Milwaukee got solo homers from Jean Segura and Braun, but lost for the seventh time in eight games.
Alfredo Simon (3-1) threw two innings in relief of rookie left-hander Tony Cingrani.
DIAMONDBACKS 3, PHILLIES 2
PHOENIX — Miguel Montero hit a tiebreaking home to lead off the eighth inning, Ian Kennedy shook off a shaky start to pitch seven innings and Arizona won its fifth straight.
The Diamondbacks struggled against Phillies starter Tyler Cloyd, but scratched out a run in the seventh and went ahead when Montero hit the first pitch thrown by Mike Adams (1-3) in the eighth off the foul pole in right.
Kennedy gave up a leadoff homer to Jimmy Rollilns and two runs in the first inning before settling down to keep Arizona in it.
Tony Sipp (2-1) got two outs in the eighth inning and David Hernandez worked out of a jam in the ninth for his first save.
GIANTS 8, BRAVES 2
SAN FRANCISCO — Matt Cain pitched eight strong innings and San Francisco beat Tim Hudson for the first time in seven years in the Giants’ 8-2 victory over the Atlanta Braves on Friday night.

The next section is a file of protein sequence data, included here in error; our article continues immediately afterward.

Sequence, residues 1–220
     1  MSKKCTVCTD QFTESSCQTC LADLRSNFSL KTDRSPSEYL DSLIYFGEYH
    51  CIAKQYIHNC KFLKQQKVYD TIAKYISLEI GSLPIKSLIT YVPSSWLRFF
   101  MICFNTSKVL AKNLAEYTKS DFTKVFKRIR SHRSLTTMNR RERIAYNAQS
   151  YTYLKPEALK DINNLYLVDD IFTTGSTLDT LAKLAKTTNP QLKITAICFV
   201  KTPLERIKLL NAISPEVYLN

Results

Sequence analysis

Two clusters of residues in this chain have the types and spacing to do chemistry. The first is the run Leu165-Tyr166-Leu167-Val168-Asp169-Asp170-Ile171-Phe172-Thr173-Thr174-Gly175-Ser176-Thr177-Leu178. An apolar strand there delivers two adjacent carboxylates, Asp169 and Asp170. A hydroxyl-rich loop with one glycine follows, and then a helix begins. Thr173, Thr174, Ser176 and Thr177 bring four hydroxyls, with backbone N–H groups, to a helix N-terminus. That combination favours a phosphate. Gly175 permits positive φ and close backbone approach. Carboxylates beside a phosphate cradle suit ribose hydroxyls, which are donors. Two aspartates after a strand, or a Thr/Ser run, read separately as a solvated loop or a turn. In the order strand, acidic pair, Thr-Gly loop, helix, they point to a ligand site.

Cain (2-2) allowed three hits and added an RBI single during a six-run rally in the fourth inning.
Hudson (4-2) was cruising until the fourth when the Giants batted around and scored six runs. Marco Scutaro had two hits, including a two-run single during the inning.
The Braves’ veteran right-hander had been 6-0 with a 2.48 ERA against San Francisco since losing to them on April 8, 2006.
MARLINS 5, DODGERS 4
LOS ANGELES— Derek Dietrich tied the game with his first major league home run, Juan Pierre singled in the go-ahead run in the seventh inning and Miami dealt Los Angeles its eighth straight loss.
The Dodgers blew an early lead for the second straight game in equaling their longest skid since dropping eight in a row from Aug. 22-29, 2008.
Miami ended its own three-game losing streak in the matchup of cellar dwellers. The Marlins have the NL’s worst record at 11-25, and got outscored 11-1 during a three-game sweep in San Diego.
Florida rookie Jose Fernandez (2-2) allowed three runs and eight hits in six innings, struck out seven and walked two for his second major league win.
Ronald Belisario (2-4) took the loss, giving up two runs and three hits in one-plus innings.